The continuing drip of revelations about NSA spying continues to provoke outrage around the world. Harvard historian and New Yorker staff writer Jill Lepore puts that outrage in historical context. She tells The Record's David Hyde that the modern concept of a right to privacy is a relatively new concept. And Lepore says the assertion of privacy rights always follows the rise of new technologies that have already invaded our privacy.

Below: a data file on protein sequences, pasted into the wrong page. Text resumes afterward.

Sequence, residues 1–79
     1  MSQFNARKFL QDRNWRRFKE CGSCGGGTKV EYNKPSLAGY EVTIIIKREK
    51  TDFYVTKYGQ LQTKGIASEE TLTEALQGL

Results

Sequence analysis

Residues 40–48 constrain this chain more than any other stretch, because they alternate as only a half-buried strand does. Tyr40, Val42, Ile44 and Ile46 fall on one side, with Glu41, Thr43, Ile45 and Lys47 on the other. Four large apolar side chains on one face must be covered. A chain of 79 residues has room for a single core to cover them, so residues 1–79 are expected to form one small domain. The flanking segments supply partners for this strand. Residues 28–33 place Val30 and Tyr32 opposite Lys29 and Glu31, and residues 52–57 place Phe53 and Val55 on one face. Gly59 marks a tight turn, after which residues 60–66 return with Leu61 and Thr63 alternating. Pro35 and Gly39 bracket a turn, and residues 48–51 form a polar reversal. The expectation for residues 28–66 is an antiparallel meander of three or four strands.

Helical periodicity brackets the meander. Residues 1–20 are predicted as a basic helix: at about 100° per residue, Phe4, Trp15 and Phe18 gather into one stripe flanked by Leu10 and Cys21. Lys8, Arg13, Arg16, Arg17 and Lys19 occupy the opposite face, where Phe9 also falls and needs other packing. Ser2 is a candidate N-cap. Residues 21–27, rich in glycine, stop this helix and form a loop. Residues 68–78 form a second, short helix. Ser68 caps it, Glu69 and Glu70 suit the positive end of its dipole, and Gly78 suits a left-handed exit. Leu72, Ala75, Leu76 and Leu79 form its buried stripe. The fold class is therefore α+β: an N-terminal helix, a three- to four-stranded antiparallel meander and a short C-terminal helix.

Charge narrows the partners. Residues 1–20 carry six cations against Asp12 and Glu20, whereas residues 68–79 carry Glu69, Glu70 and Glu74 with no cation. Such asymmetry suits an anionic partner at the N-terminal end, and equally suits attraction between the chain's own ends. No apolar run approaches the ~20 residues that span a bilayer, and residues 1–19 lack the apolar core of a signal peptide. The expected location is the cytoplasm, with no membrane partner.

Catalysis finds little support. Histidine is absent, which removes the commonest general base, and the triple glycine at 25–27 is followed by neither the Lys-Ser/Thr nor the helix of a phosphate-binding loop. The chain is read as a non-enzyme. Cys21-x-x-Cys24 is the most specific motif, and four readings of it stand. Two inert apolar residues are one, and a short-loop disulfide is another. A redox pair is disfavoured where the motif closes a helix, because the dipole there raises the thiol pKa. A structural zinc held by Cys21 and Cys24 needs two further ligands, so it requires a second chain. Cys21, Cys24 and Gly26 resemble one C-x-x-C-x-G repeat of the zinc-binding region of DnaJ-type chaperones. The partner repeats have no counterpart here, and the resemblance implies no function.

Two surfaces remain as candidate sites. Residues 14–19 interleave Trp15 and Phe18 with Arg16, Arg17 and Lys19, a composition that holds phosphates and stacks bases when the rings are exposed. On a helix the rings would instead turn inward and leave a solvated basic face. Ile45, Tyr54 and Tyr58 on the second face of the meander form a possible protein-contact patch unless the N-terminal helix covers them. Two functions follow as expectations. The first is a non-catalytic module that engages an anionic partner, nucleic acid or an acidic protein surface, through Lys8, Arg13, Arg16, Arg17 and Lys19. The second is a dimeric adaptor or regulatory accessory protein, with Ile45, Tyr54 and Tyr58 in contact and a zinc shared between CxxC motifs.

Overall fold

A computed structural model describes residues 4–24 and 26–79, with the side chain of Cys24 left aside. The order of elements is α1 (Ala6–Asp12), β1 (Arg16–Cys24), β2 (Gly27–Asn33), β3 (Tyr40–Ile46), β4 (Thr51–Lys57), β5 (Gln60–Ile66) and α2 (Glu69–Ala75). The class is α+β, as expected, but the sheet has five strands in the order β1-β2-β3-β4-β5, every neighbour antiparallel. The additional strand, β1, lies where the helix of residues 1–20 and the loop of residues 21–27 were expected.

You are under surveillance when you go online. The information gatherers include the government, advertising companies and brokers who sell your data. Christopher Soghoian, chief technologist for the national ACLU, explains that the constantly updating world of technology has also changed the government's ability to spy Internet communications and mobile telephones.